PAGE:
It’s bewildering to think Franco Sbarro somehow hasn’t become a household name. Over the last 49 years, the Swiss designer, engineer, and ex-race mechanic has proven himself as eccentric as he is prolific, churning out dozens of bizarre vehicles from race car clones to original one-offs. And one of Sbarro’s finest creations of all was a hot hatch that, had it been produced in significant numbers, could’ve rivaled the wildest rally cars of Group B: the Super Eight.
Sbarro’s Super Eight was something of a sequel to his first hyper-hatch, the Super Twelve—a tube-framed, fiberglass-bodied one-off about the size of an Austin Mini, but a foot wider. Mounted amidships were a pair of transversely mounted 1.3-liter inline sixes from Kawasaki Z1300 motorcycles, each producing 130 horsepower and turning the rear wheels through five-speed chain drives. This powertrain gave the sub-ton Super Twelve performance to trounce most supercars of the day but hamstrung it with peaky performance, short gearing, and absurd mechanical complexity.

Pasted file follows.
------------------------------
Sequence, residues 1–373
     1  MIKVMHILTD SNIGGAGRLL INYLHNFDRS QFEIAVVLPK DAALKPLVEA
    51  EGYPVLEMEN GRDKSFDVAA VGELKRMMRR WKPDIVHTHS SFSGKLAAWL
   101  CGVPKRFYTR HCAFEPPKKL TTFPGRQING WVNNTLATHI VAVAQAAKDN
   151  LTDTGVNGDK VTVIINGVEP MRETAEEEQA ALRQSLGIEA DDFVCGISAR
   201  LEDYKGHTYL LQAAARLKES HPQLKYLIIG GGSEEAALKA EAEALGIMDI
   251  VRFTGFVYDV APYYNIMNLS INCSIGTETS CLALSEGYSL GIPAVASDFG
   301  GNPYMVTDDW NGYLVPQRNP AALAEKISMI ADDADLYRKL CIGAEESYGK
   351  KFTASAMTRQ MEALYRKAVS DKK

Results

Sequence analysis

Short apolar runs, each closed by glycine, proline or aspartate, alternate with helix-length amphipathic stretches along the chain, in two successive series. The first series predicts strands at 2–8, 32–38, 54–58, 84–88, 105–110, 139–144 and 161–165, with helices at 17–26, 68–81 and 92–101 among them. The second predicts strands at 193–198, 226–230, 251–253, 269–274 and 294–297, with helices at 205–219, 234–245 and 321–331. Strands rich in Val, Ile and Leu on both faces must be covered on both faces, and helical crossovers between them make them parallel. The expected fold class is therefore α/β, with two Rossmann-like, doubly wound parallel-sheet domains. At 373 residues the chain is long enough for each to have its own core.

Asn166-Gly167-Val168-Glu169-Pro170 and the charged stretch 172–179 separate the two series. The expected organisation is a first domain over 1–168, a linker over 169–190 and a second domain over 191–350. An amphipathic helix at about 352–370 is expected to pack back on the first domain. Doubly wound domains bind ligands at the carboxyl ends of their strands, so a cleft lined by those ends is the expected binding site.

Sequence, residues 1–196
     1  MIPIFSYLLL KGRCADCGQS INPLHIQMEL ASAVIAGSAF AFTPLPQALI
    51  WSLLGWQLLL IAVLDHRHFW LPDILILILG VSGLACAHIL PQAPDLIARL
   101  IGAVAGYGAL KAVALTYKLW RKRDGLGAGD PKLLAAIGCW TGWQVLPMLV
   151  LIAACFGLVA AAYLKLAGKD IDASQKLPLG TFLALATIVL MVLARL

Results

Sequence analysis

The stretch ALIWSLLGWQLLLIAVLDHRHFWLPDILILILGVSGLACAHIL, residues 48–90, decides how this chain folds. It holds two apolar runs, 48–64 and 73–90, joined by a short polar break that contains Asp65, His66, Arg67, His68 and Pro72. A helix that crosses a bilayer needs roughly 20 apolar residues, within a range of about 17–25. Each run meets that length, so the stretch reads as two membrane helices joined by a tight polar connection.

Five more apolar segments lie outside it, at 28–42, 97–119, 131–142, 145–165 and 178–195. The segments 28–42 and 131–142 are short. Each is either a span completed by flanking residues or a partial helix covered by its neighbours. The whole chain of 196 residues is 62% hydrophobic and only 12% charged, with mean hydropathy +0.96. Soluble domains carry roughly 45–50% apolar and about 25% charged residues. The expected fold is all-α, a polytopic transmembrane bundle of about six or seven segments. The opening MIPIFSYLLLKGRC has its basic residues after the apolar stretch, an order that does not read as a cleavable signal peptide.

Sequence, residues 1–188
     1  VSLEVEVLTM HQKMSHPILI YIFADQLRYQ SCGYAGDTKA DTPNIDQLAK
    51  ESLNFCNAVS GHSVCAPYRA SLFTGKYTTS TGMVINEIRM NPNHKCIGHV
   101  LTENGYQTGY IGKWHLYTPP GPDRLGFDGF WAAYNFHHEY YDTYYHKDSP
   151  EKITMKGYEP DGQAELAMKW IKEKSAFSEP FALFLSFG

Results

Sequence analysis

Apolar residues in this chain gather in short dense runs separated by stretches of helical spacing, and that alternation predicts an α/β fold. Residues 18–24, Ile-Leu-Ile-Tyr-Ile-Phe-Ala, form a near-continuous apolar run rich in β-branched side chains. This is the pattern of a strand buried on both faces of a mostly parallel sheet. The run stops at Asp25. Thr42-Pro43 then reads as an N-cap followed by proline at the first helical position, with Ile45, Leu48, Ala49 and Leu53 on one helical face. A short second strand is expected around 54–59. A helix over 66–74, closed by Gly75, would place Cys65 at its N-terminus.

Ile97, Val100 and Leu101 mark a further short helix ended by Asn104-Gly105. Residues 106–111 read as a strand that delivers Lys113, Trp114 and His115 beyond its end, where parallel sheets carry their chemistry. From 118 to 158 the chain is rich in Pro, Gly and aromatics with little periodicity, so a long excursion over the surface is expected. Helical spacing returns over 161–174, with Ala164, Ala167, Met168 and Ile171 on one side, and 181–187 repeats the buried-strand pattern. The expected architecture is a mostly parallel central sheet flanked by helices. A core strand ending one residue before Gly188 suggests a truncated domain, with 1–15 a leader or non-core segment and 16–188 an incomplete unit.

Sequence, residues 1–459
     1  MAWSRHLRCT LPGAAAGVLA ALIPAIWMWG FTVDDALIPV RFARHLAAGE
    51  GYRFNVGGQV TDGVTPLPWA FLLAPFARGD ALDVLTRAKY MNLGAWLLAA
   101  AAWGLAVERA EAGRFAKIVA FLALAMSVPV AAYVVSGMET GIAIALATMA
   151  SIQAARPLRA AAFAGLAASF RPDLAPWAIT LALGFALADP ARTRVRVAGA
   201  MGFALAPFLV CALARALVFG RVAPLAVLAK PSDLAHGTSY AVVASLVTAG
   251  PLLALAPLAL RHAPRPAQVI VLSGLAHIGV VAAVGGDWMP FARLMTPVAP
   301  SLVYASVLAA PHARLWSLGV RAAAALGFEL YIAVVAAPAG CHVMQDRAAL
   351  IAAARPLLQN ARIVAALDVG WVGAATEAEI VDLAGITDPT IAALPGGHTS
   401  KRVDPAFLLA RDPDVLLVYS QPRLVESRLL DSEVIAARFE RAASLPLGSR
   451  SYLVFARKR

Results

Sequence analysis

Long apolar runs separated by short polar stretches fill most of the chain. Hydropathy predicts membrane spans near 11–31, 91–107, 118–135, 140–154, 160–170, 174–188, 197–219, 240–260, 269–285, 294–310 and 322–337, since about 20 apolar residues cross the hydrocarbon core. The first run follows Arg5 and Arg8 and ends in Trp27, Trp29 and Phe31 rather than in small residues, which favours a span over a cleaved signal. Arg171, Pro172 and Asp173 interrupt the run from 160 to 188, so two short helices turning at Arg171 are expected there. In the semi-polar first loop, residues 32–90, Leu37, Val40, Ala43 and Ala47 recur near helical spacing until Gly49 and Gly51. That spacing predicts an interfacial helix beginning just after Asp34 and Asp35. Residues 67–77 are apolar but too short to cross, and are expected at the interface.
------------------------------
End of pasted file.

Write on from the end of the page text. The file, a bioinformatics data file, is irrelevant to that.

All these are likely why for the Super Twelve’s successor, the Super Eight, Sbarro let an established supercar manufacturer do all the heavy lifting. Rather than fabricate a bespoke spaceframe, Sbarro repurposed the bones of a Ferrari 308 GTB Quattrovalvole and took advantage of its existing 2.9-liter V8 and five-speed gated manual transmission. Producing up to 260 horsepower according to a site dedicated to Sbarro, this Ferrari V8 is estimated to have given the Super Eight a top speed of 137 miles per hour, and more importantly, a broader and flatter torque curve than its forerunner’s twin Kawasaki sixes, making it much more streetable.
1984 Sbarro Super Eight
The Super Eight’s suitability as a road car has been demonstrated by its only example, whose odometer reads nearly 17,000 miles as of 2020. Also as of this year, the Super Eight is for sale, its seller Speed 8 Classics asking just over $183,000 for the one-off Ferrari rebody. While that’s about $100,000 north of what 308 GTB QVs of similar mileage sell for, it’s also a fraction what you’d pay for a Ferrari of equal provenance, be it a 250 GT Breadvan or a modern tribute thereto. That kind of cash, however, along with being mistaken for a VW Rabbit GTI at car shows, is simply the price of being more than a face in the crowd at Ferrari meets.
Got a tip? Send us a note: [email protected]
Source: Read Full Article